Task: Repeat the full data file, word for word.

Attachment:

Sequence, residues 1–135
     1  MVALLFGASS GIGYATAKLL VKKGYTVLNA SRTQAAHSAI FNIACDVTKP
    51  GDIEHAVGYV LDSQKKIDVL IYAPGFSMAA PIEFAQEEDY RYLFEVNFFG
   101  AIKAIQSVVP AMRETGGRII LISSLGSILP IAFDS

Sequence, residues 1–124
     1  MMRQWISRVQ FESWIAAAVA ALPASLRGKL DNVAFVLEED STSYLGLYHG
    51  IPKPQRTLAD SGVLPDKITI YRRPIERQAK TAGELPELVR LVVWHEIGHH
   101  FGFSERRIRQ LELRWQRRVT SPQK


Sequence, residues 1–135
     1  MVALLFGASS GIGYATAKLL VKKGYTVLNA SRTQAAHSAI FNIACDVTKP
    51  GDIEHAVGYV LDSQKKIDVL IYAPGFSMAA PIEFAQEEDY RYLFEVNFFG
   101  AIKAIQSVVP AMRETGGRII LISSLGSILP IAFDS

Sequence, residues 1–124
     1  MMRQWISRVQ FESWIAAAVA ALPASLRGKL DNVAFVLEED STSYLGLYHG
    51  IPKPQRTLAD SGVLPDKITI YRRPIERQAK TAGELPELVR LVVWHEIGHH
   101  FGFSERRIRQ LELRWQRRVT SPQK